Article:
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New crop technologies raise yields, defying analyst predictions


HOW much does crazy weather matter anymore to crop production? That's the question grain traders are scratching their heads over after fresh data showed US farmers churned out another bumper harvest despite some of the wildest growing conditions in years.

Under pressure from soggy fields, late planting and bouts of early winter weather, American corn and soy plants proved resilient thanks largely to advances in genetically modified seeds, precision tools and inputs such as fertilisers and pesticides. In its critical monthly crop report, the US Department of Agriculture on Friday raised yield estimates for both crops. That defied expectations from analysts who, on average, predicted a drop.

"We struggled this year - we had a lot of issues with too much water," Matt Bennett, an Illinois farmer and commodity analyst at AgMarket.Net, said by phone. Still, his soybean yields came within 15 bushels from his record-setting crop in 2018.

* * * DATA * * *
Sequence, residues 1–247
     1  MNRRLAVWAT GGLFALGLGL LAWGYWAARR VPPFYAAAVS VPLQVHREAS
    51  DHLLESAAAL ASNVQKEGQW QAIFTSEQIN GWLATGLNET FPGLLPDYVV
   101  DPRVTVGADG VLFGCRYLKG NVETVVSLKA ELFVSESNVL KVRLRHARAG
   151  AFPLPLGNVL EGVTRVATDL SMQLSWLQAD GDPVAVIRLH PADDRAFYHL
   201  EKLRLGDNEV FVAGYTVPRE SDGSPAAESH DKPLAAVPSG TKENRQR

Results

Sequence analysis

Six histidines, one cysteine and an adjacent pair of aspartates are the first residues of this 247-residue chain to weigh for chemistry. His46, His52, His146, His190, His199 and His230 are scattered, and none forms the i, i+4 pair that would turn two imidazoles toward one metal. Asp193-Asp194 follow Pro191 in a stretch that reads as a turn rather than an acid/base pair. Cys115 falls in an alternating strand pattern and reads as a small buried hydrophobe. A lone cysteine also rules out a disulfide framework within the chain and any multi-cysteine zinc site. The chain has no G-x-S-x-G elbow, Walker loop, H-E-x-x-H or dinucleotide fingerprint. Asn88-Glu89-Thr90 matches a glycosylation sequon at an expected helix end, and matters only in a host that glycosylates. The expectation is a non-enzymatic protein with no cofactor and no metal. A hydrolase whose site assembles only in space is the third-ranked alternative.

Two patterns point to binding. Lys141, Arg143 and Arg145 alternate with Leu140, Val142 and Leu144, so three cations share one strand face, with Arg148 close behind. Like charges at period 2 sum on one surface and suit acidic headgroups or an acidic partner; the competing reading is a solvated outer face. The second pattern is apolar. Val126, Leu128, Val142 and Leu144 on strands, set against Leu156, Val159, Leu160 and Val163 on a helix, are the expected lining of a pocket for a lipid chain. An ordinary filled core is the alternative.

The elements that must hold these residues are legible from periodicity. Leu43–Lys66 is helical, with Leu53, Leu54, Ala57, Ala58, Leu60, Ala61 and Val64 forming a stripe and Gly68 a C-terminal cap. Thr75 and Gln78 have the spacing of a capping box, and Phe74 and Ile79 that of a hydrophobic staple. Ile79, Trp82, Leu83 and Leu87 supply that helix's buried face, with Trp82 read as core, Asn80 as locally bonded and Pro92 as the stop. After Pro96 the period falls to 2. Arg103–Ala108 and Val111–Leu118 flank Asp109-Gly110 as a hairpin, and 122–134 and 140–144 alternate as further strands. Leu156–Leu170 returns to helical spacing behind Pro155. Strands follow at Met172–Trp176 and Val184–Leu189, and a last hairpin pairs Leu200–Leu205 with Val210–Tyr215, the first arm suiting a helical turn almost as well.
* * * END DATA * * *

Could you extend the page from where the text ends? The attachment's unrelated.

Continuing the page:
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"I was surprised with what the genetics can do," Mr Bennett said. "You can still raise pretty good corn even with less-than-ideal conditions. That's changed everything."

The big crops are a testament to the major strides that have been made for crop technology in just the past few decades. It boils down to: genetics matter. Now that 92 per cent of US corn acreage is seeded with GMO plants, fields are able to stand up to extreme conditions such as 2019's record rains. That figures compares with 85 per cent in 2009 and 25 per cent in 2000.

Plus, there are things such as automatic sprayers that can detect exactly what plants need, additional herbicides, drone cameras that enable farmers to get a birds-eye view of their land . It all adds up to a new era that's completely transforming what's possible in agriculture. BLOOMBERG